3. Improve your infant and child mortality statistics until families no longer feel compelled to have extra, just-in-case babies on the supposition that a few will die young. Compound that reassurance with a national pension program, relieving working-class parents of the conviction that a big family will be their only support when they grow old.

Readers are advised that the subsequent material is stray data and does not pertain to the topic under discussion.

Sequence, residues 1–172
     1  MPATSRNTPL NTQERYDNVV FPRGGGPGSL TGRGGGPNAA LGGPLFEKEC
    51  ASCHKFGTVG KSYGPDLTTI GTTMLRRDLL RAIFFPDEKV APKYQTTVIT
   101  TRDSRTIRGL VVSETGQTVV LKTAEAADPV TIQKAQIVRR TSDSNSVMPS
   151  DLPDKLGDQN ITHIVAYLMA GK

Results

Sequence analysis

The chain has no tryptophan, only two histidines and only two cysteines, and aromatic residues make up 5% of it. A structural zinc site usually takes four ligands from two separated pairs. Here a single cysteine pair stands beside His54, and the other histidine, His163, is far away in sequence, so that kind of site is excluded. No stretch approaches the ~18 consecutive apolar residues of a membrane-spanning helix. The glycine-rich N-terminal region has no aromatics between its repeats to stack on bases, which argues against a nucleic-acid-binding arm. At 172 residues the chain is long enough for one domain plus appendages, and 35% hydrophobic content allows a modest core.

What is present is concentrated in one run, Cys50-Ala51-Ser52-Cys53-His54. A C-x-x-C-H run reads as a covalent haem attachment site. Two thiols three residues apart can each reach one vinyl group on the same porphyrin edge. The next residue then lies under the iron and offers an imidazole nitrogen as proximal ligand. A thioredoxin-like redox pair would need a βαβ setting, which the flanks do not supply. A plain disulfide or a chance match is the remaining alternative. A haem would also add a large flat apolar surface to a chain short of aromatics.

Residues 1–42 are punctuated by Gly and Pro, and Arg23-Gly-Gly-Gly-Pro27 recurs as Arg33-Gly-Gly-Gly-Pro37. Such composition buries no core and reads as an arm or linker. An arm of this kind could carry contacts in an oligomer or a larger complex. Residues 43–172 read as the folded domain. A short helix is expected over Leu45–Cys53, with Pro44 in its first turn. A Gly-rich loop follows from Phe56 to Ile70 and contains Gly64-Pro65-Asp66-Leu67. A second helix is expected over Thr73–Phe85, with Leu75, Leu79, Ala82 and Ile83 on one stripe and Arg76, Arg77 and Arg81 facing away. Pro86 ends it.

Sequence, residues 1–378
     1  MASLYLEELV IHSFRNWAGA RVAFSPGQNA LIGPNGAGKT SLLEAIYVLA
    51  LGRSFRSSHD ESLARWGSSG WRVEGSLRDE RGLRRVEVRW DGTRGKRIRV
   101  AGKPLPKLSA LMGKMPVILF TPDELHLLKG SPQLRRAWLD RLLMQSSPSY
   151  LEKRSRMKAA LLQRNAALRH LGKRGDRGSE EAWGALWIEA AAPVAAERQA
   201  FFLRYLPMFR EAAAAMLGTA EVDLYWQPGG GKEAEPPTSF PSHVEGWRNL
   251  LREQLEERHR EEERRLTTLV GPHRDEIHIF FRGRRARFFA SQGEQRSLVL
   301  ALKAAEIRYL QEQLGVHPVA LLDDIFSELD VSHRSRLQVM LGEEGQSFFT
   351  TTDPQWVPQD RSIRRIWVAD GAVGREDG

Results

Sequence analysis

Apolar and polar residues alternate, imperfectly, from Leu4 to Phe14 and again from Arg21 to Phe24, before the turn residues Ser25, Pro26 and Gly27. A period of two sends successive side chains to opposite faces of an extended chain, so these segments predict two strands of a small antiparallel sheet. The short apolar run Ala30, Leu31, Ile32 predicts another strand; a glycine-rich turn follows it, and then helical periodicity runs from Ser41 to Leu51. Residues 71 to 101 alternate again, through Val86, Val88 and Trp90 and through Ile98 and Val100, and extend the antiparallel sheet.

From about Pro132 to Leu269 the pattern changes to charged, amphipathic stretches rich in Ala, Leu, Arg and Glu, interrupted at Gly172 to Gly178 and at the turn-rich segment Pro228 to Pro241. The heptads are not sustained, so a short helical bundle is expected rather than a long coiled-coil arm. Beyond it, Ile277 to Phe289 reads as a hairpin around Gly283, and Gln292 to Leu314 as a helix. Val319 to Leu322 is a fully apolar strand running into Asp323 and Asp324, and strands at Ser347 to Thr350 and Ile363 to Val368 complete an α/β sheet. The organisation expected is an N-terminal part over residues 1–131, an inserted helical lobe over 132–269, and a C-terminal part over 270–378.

4. Distort your public health system's financial incentives for a generation or two, so that doctors learn they can count on higher pay and more predictable work schedules when they perform cesareans rather than waiting for natural deliveries. Then spread the word, woman to woman, that a public health doctor who has already begun the surgery for a cesarean can probably be persuaded to throw in a discreet tubal ligation, thus ensuring a thriving, decades-long publicly supported gray market for this permanent method of contraception. Brazil's health system didn't formally recognize voluntary female sterilization until 1997. But the first time I ever heard the phrase "a fábrica está fechada," it was from a 69-year-old retired schoolteacher who had her tubes tied in 1972, after her third child was born. This woman had three sisters. Every one of them underwent a ligation. Yes, they were all Catholic. Yes, the church hierarchy disapproved. No, none of them much cared; they were women of faith, but in some matters the male clergy is perhaps not wholly equipped to discern the true will of God. The lady was pouring tea into china cups at her dining table as we talked, and her voice was matter-of-fact. "Everyone was doing it," she said.